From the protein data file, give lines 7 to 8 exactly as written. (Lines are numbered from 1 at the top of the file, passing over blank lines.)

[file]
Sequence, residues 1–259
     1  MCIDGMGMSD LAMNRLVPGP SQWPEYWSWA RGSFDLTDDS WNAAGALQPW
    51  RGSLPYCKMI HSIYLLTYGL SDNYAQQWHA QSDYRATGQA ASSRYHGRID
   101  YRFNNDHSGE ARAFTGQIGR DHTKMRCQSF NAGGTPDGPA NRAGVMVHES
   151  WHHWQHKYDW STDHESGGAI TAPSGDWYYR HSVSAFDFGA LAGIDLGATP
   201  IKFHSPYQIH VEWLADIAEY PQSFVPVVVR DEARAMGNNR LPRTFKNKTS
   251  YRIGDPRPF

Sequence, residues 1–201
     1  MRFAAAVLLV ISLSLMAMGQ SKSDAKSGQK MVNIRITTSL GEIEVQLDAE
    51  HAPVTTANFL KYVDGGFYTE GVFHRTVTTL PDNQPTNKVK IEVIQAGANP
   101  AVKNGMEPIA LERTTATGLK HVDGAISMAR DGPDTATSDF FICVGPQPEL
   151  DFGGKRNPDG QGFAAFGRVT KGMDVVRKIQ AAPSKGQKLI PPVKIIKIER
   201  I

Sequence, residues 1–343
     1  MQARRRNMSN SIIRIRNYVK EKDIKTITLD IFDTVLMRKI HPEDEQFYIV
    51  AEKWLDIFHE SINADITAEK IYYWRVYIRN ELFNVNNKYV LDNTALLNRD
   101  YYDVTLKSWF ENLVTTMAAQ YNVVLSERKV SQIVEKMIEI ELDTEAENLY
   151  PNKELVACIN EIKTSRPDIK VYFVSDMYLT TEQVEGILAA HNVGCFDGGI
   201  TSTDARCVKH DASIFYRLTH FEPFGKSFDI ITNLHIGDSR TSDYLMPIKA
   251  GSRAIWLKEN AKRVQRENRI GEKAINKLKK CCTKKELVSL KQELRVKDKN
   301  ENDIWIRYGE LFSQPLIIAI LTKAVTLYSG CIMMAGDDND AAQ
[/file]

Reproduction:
   251  YRIGDPRPF

Sequence, residues 1–201